5. Buy right and hold on. Mayer mentions that ‘one who buys right must stand still in order to run fast’. He shows the idea using a coffee-can portfolio – simply buying the best stocks and holding onto them for 10 years. A coffee can approach not only insulates an investor from market noise, but also protects them from emotions and volatility that could make them trade at the wrong times. Mayer mentions betting big on our best ideas and avoid having too many stocks in our portfolios. In an ideal situation, 10-20 stocks would be sufficient to diversify your risk.
6. A company needs a consistently high return on equity to compound its capital in order to become a 100-bagger. If a company distributes a dividend, it has less capital to reinvest for future growth. Due to this, high-growth companies tend to not pay a dividend and look to reinvest their earnings for growth.
7. Owner-operator companies tend to vastly outperform the broad stock market over a long period. A 2012 study conducted by Joel Shulman and Erik Noyes showed that companies managed by the world’s billionaires outpaced the index by 7% annually. When owner-operators have sizable ownership in a company, they will most likely be aligned with shareholders’ interests. High insider ownership is also often a protector against fraud. Competent owner-operators with good capital allocation skills usually take on more debt and deploy additional cash (instead of hoarding it) during a recession when good opportunities arise.
8. Gross profit margin is an indicator of the price customers are willing to pay for a product/service over its cost and serves as a measure of value added to the customer. Mayer quoted a study done by Matthew Berry, a former fund manager at Lane Five Capital: ‘If you can’t see how or where a company adds value for customers in its business model, then you can pretty sure it won’t be a 100-bagger.’ The study discovered that gross profit margins were surprisingly resilient — companies with high gross profit margins tended to keep their margins high, and companies with low gross profit margins remained low. These findings suggest that companies with high gross profit margins have a resilient, long-term advantage over their competitors, and are more likely to become 100-baggers.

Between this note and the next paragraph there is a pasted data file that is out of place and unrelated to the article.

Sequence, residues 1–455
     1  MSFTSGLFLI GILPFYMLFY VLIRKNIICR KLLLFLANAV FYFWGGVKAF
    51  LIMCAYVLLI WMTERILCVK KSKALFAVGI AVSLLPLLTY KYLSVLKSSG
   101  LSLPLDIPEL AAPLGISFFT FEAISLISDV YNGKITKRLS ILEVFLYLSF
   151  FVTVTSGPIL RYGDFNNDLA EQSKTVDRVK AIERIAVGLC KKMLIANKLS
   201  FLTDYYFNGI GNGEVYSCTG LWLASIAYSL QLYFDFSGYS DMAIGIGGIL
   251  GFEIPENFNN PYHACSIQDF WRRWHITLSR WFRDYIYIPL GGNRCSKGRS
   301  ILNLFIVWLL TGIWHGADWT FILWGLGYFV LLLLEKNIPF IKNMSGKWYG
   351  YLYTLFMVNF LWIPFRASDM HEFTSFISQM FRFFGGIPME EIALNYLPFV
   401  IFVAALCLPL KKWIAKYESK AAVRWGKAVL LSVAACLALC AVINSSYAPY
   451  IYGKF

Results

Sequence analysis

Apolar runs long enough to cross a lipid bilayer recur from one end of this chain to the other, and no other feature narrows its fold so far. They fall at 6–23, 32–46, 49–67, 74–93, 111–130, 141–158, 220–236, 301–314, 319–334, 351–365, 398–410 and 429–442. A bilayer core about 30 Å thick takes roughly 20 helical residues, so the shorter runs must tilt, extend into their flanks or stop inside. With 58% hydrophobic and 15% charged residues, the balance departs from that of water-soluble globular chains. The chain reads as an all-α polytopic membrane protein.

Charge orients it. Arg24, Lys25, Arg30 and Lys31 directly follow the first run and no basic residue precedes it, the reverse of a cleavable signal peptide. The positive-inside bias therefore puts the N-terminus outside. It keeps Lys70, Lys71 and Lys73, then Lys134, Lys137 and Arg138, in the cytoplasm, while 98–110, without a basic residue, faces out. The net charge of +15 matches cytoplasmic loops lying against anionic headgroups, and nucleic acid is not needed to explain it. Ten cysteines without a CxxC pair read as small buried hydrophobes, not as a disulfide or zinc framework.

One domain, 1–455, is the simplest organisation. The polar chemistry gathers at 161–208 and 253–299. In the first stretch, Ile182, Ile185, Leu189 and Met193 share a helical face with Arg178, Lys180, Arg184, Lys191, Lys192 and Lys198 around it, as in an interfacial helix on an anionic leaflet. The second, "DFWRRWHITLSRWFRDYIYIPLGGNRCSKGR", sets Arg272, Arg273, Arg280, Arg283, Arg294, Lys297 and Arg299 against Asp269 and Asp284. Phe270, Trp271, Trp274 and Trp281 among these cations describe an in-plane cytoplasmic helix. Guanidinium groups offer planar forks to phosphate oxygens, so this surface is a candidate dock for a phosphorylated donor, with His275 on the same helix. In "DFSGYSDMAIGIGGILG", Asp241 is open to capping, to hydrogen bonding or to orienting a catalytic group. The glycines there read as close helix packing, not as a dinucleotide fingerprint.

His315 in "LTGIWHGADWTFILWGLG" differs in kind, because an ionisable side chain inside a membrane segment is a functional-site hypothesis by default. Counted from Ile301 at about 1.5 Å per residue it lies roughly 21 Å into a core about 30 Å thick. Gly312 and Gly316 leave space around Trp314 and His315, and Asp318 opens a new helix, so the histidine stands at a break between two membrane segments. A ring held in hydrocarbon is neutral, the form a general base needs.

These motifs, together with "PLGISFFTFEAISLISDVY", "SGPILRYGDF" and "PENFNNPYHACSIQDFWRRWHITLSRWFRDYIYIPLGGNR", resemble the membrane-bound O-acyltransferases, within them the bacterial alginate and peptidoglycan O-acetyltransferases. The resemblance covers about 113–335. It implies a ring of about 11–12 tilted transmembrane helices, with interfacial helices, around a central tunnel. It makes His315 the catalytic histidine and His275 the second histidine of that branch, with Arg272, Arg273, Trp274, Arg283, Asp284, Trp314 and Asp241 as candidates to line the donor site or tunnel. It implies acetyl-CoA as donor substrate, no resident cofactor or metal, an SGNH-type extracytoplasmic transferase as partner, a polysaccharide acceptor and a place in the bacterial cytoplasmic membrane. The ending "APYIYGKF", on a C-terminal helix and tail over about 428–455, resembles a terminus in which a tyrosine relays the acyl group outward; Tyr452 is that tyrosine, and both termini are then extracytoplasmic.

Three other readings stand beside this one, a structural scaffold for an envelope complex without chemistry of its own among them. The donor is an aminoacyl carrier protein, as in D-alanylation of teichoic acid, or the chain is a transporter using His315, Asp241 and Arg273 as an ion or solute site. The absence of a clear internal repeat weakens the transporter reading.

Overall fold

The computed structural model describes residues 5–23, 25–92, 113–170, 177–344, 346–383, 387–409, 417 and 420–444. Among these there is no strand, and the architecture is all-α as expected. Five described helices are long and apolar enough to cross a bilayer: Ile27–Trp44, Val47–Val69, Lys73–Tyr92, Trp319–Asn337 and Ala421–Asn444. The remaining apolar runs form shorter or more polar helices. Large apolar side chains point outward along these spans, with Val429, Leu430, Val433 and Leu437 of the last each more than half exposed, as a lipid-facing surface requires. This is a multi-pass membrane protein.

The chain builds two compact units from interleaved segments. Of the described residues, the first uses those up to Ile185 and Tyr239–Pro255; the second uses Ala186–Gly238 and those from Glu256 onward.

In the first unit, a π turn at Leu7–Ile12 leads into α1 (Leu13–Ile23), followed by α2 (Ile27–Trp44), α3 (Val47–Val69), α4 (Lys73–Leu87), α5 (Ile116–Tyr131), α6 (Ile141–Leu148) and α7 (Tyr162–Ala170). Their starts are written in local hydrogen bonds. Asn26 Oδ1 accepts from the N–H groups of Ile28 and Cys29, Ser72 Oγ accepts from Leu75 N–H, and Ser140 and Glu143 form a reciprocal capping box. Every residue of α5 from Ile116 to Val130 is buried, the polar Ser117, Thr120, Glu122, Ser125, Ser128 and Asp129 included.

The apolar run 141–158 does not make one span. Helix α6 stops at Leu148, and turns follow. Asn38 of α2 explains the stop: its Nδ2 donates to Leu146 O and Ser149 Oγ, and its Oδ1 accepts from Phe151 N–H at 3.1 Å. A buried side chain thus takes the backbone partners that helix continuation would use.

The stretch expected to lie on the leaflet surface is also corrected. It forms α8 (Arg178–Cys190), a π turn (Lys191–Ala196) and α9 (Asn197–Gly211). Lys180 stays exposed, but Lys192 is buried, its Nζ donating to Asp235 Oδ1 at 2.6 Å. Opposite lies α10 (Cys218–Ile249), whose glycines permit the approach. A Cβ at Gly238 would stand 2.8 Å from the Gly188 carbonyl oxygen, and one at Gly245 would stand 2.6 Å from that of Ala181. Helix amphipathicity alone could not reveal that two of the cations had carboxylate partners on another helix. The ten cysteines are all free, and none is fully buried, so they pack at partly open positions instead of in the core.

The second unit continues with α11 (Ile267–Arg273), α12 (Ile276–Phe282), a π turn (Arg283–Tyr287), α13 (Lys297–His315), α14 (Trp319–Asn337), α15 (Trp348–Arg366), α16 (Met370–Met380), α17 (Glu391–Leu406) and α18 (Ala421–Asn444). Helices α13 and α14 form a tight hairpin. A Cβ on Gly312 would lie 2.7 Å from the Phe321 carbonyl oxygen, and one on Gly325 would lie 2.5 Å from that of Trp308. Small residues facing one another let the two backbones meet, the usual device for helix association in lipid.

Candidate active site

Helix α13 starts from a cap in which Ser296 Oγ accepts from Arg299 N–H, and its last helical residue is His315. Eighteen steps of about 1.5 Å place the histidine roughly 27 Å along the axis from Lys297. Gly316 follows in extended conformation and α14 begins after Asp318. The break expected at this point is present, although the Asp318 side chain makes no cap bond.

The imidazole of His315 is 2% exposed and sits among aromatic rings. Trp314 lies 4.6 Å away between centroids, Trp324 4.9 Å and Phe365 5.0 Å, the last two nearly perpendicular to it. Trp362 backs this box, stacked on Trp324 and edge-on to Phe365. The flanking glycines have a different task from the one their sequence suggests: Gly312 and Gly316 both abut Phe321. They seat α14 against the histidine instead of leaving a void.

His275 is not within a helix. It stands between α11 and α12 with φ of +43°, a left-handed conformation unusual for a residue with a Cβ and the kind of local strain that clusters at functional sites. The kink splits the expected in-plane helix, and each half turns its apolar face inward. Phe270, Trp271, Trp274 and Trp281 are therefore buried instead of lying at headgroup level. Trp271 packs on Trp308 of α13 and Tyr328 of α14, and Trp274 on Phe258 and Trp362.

9. The 100-bagger population seems to favour no particular industry and includes retailers, beverage markets, food processors, and technology firms. Nevertheless, Mayer suggests sticking with relatively more established companies in stable industries with long runways of growth as 100-baggers need time to grow. At the same time, the average company’s lifespan on the S&P index is shortening as shown in the chart below:
The key is to seek companies with economic moats that allow them to outgrow other companies and dominate their industries. Industry stability is another factor in determining the durability of a moat. No moat is permanent and competitors may eventually figure out their way across. Also, Mayer does not consider great management a moat in itself.
10. Share buybacks accelerate returns — when done right. After share buybacks, the number of outstanding shares will fall and cause EPS and the share price to jump. Warren Buffett famously agrees with share buybacks when shares are trading below their intrinsic value.